But it is becoming increasingly obvious that the Government doesn’t have a clear plan for the economy.
They’re slowing New Zealand down, not speeding us up.
Whether it’s transport, with higher taxes and fewer new roads.
Whether it’s back to decades-old labour law changes which give power to the unions and just add compliance costs.
Whether it’s the cost of living, where changes such as higher fuel taxes, rent increases and higher income taxes are costing some Kiwi families over $100 a week more.
And whether it’s the decision to shut down oil and gas exploration.
Each of these policies on their own are bad.
Together, they’re going to see more New Zealanders head overseas because there’ll be fewer and fewer opportunities here.
New Zealand can’t afford this Government.
National’s approach is very different.
I believe in sensible, consistent economic policies that provide clear direction and encourage businesses to grow.
Policies that deliver new infrastructure, support investment, drive exports and help grow skills - because that is how opportunities are created.
Those opportunities are hard won, but easily lost.
I talked earlier about the 30,000 people that were leaving for Australia every year just a decade ago – because Australia was where the opportunities were.
I’m proud we’ve been able to turn that around, by creating opportunity for our kids here at home.
But I tell you what, other countries aren’t sitting still waiting for this Government to get its act together.
Other countries want what we have, and we can’t afford three years lost to working groups and inquiries and uncertainty.
We certainly can’t afford six.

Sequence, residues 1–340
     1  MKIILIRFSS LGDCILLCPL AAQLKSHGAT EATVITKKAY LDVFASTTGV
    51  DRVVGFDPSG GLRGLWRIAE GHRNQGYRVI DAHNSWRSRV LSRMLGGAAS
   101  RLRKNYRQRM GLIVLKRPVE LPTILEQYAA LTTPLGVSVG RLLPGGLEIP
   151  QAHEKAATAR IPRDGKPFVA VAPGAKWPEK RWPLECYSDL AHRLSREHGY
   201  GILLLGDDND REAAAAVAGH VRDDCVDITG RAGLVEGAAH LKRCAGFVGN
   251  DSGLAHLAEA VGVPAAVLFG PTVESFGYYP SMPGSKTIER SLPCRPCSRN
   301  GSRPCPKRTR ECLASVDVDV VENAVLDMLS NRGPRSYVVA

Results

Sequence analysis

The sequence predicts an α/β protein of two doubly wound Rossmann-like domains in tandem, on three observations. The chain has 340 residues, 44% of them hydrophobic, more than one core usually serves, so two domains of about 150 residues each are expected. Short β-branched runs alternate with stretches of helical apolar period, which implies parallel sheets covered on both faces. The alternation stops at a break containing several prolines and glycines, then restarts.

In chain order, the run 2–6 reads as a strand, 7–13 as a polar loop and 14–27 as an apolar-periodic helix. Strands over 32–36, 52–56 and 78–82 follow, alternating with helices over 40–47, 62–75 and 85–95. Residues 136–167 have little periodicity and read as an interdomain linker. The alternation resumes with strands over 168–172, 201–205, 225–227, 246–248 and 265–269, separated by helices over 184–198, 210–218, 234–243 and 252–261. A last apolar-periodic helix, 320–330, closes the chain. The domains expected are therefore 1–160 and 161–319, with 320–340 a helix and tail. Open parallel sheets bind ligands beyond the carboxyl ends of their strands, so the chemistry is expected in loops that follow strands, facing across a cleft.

Under this Government, business confidence is already at its lowest level since the Global Financial Crisis – while in Australia it’s the highest it has been in 20 years.
We can’t let Australia beat us.
We need to keep pushing. Otherwise it is all too easy to become an also ran, a place where our kids don’t see a long-term future.
I worry all we’ll export to Australia is our young people.
I want my kids to raise their kids here. And I know you do too.
I’m always thinking about how we can make this country better for our children.
How we can create opportunity for all, and help New Zealanders realise their dreams and ambitions here.
As a father of three young children, I feel it.
I want more for them.
More choice, more opportunities and for them to lead the best life they can.
I want all our children to see a pathway to their success, whatever that may be.
For too many, that pathway can look bleak.
If Social Investment has taught us anything, it’s that some of our children have the odds stacked against them.
That without targeted help they won’t achieve their dreams.
I want to fight for a better future for those kids.
I want to fight for all our kids.
The forgotten, the naughty, the good, the exceptional.
They all count. They all matter to me.
It’s got to be about opportunity for all, here in New Zealand.
And that starts with education.
So I want to put a few ideas on the table.
Education is the future leveller.
It was for me - from Rutherford High in West Auckland to Oxford University - and it must be for our country’s children.
If a little person’s brain is nurtured and taught how to think and work and learn, that child can go on to achieve great things.
Giving them the best start in life matters more than anything.
The early years are vital, and I believe there is a lot that can be done to improve early childhood education.
It starts with a focus on quality.
Most centres do a good job of looking after our young children, but a few not doing good enough is a few too many in my book.
We need to know what is happening in every early childhood centre in the country.